Choosing a mate comes down to your genes and theirs!
Imagine you’re at a sparkling party full of people your age – what is it that governs who you’re attracted to? What is it that draws your eyes to the person standing at the bar and not the parakeet squawking in the corner? A behavioural genetics lab in the Faculty of Science at Western University is discovering how genetics forms the foundation for human behaviour. We often think of behaviour as being regulated by factors like consciousness, social norms, and other influences in our surroundings – and it is; but beneath it all, our behaviours find their roots in our genes. While perhaps not the most obvious culprit, the genes of an organism, whether it be a fruit fly or a human, are what establish the neural connections of the brain and its resulting patterns of behaviour. These behaviours include communication, response to stress, and mate selection – the foundational aspects of what a species is and how it functions.
Amanda Moehring and her research group in the Department of Biology, are studying the genetic background and the resulting development of brain cells that affect how female fruit flies select a potential mate, and how they decide that a male fly of another species is not a suitable candidate. The group has identified a single fruit fly gene, out of many, responsible for female mate selection. “What we have found is that this gene not only modulates how a female selects or rejects a mate from her own species, but also from another species,” says Moehring. The Moehring group found that replacing part of this gene with that of another species causes female fruit flies to reject males of their own species in favour of males from that other species.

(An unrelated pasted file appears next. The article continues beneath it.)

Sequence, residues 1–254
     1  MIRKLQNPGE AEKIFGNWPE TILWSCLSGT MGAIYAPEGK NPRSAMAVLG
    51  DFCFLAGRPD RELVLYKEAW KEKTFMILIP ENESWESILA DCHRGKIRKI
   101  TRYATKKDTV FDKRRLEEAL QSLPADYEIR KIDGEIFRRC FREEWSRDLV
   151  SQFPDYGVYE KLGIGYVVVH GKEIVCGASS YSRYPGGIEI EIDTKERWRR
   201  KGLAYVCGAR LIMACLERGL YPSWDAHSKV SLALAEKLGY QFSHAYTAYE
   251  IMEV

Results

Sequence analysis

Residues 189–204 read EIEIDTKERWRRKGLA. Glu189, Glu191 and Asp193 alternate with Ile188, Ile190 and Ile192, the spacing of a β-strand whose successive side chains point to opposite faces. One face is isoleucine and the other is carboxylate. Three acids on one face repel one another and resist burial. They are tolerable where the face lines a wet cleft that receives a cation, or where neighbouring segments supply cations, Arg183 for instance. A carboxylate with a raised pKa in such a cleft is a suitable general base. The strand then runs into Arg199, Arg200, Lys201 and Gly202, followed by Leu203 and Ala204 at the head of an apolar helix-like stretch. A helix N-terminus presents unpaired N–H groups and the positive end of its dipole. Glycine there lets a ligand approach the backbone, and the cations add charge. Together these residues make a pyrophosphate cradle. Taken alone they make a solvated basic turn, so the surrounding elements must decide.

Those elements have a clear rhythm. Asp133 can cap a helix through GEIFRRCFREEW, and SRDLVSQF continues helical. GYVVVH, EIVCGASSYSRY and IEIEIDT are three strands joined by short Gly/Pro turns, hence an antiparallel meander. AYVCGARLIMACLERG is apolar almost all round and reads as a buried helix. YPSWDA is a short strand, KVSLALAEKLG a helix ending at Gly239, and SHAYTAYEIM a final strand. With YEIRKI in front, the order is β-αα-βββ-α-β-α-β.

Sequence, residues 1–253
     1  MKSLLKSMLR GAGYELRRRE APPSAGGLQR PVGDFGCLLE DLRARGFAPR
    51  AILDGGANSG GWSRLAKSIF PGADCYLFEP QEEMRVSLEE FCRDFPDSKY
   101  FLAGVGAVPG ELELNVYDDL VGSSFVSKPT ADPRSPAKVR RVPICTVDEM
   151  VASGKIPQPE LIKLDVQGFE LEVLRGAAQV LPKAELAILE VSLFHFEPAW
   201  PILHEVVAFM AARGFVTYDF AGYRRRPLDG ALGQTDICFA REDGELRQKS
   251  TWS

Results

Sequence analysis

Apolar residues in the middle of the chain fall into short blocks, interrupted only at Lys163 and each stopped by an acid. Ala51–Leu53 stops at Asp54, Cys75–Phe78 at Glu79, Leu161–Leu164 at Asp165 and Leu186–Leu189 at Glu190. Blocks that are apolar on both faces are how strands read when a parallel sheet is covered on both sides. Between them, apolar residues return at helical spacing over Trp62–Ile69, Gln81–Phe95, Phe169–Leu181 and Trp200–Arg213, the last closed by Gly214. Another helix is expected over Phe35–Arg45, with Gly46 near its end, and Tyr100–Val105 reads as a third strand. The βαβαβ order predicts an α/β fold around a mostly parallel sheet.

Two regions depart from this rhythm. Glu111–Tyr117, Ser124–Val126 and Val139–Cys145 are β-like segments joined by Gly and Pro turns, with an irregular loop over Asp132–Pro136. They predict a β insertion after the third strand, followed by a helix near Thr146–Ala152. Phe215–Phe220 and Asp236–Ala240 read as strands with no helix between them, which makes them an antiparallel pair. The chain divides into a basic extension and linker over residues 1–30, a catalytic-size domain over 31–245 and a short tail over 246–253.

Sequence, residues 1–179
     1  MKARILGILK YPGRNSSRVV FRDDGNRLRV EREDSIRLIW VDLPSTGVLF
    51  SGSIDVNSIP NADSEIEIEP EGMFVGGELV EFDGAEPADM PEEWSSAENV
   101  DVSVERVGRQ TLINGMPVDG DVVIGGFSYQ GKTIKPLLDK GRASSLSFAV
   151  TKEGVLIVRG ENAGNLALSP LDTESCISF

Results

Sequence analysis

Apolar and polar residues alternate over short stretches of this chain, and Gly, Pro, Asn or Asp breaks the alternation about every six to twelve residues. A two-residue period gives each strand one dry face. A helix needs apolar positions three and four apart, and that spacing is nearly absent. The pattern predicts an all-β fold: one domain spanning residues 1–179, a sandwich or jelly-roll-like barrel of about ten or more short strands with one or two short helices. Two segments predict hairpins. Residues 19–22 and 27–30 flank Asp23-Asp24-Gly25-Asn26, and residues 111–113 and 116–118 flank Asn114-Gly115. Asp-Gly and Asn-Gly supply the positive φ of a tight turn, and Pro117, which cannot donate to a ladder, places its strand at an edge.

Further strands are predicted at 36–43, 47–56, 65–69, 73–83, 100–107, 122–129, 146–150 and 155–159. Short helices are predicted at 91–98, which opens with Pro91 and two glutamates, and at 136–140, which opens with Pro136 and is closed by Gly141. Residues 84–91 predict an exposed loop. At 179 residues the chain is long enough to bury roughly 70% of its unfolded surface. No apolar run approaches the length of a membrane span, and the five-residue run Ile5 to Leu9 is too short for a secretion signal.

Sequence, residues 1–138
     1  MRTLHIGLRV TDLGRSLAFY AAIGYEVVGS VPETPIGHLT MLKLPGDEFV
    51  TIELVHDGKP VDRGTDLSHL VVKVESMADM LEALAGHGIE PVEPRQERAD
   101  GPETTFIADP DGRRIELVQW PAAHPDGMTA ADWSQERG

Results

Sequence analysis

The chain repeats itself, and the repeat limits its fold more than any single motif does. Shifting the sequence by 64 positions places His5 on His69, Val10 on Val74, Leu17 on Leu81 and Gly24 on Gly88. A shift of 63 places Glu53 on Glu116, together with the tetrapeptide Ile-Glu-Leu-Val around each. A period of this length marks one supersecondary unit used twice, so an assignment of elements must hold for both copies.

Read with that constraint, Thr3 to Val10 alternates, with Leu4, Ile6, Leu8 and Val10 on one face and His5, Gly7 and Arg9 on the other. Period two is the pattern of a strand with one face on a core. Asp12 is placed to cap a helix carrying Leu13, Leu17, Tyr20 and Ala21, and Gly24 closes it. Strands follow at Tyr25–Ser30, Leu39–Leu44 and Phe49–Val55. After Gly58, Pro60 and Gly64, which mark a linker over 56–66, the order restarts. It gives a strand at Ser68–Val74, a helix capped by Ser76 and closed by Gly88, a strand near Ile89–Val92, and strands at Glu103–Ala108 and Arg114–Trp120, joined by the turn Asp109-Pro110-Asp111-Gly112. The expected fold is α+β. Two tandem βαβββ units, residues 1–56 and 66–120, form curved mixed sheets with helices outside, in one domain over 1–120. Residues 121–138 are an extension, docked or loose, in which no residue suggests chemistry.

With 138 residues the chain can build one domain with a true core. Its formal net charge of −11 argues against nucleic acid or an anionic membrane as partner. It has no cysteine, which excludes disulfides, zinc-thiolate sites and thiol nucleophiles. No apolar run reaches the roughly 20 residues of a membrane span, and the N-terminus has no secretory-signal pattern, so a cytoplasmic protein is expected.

When considering what makes two species different from one another, central to the discussion is reproductive isolation – the behaviours and physical factors which prevent cross-species mating. The Moehring group’s findings show that the behaviours of mate selection which govern species isolation can be modified at the genetic level to produce entirely unexpected results. “Very little is currently known about how genetic variation leads to fundamental changes in behaviour,” says Moehring; “do these genes change the number of neurons? Do they affect the connections between brain cells?” The fruit fly model developed by the Moehring group tells us what to look for, and where, in more complex systems like in the human brain and genes.
The very genes the Moehring lab has identified as causing significant changes in sexual behaviour are also key players in what determines if an offspring will be male or female. They are present in both sexes but play different roles and can generate entirely different products. “Most of the products of this gene are complete black boxes to us – the model we’ve created is a first step in understanding the role they play in sexual behaviour and development,” says Moehring. In developing this fruit fly model, the Moehring group hopes to clarify the roles these gene products play and figure out how similar genes could be involved in the infinitely more complex human behavioural system.